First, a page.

Color-rich, energy-efficient, and flexible organic light-emitting diode (OLED) displays could soon be churned out more economically on giant inkjet printers. Mobile phone displays accounted for 71% of the US$4.9 billion 2012 OLED market. Within five years, it’s expected that more than half of all new phone displays will be OLED-based.
Other researchers area also making OLED based lights and solar cells. This thin film electronics has the potential to be low cost solar power, lights and displays.
OLED displays are widely expected to eventually supplant LCDs, the most common display today in TVs and computers. OLED displays use less power, have more vibrant colors, and can be made on plastic, making them attractive for flexible and even wearable electronics. The futuristic displays are already appearing in some expensive smartphones, digital cameras, and televisions. But manufacturing challenges have hindered attempts at mass production.
Kateeva has a movable platform that precisely positions glass panels or plastic sheets large enough for six 55-inch displays beneath custom print heads. Each print head contains hundreds of nozzles tuned to deposit picoliter-scale droplets in exact locations to build up the pixels of a display. The company says the tool can be incorporated fairly easily into existing display production lines.
Aiming to cut the cost of manufacturing flexible and large-size OLEDs, Kateeva today debuted YIELDjet™—an inkjet printing manufacturing equipment solution to produce such OLEDs in high volume. It’s the world’s first inkjet printer engineered from the ground up for OLED mass production. When compared to existing manufacturing technologies, YIELDjet will enable dramatic yield improvements, which, in turn, will drive production costs lower. This is made possible by these technical achievements:
1) YIELDjet is the only platform to feature a production-worthy pure nitrogen process chamber. Nitrogen is considered the gold-standard process environment for OLEDs, and an essential device lifetime enabler. YIELDjet doubles lifetime in certain applications;
2) YIELDjet reduces particles by as much as 10X—thanks to specialized mechanical design features. Such particle performance is a key yield accelerator;
3) YIELDjet offers exceptional film coating uniformity with a process window that’s 5X wider than standard technologies. This vastly improves process reliability and uptime.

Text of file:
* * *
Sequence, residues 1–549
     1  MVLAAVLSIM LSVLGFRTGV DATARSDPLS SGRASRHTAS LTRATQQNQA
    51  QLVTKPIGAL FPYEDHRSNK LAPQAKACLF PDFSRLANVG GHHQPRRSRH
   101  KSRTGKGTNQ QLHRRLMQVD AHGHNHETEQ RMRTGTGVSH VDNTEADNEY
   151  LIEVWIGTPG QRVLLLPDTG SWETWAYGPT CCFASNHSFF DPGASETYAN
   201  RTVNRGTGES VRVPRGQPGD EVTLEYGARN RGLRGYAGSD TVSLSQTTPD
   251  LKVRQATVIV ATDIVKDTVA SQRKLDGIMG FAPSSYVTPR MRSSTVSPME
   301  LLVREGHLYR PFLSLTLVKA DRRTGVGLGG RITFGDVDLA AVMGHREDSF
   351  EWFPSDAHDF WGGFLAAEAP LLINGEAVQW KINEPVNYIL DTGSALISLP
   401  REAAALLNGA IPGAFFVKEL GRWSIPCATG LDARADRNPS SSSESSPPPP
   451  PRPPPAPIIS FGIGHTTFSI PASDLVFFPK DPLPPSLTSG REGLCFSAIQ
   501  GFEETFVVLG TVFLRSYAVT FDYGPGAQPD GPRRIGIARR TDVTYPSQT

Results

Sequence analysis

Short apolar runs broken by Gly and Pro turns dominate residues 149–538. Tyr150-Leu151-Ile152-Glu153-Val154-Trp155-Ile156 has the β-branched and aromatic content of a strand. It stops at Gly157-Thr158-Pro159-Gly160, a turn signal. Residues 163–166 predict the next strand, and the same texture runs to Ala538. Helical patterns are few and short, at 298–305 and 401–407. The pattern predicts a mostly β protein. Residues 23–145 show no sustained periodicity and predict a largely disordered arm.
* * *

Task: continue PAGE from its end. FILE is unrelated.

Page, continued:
When combined, these innovations offer display manufacturers a breakthrough solution to mass produce OLED devices more economically.
Lower cost OLED solar could extend the range of electric cars
A heavy electric pickup truck gets an extra 2 kilometers per hour of sunlight from solar power. A car that is 2-3 times lighter could get 4 kilometers per hour of sunlight. Lower cost production could make it worthwhile to use solar power to extend the range of cars and other vehicles. With enough efficiency range anxiety could be flipped around. The Solar powered electric car would have energy and would be able to move some distance whenever it was light out. A gasoline car would have no gas if there was no gas station nearby.
Brian Wang is a Futurist Thought Leader and a popular Science blogger with 1 million readers per month. His blog Nextbigfuture.com is ranked #1 Science News Blog. It covers many disruptive technology and trends including Space, Robotics, Artificial Intelligence, Medicine, Anti-aging Biotechnology, and Nanotechnology.
Known for identifying cutting edge technologies, he is currently a Co-Founder of a startup and fundraiser for high potential early-stage companies. He is the Head of Research for Allocations for deep technology investments and an Angel Investor at Space Angels.
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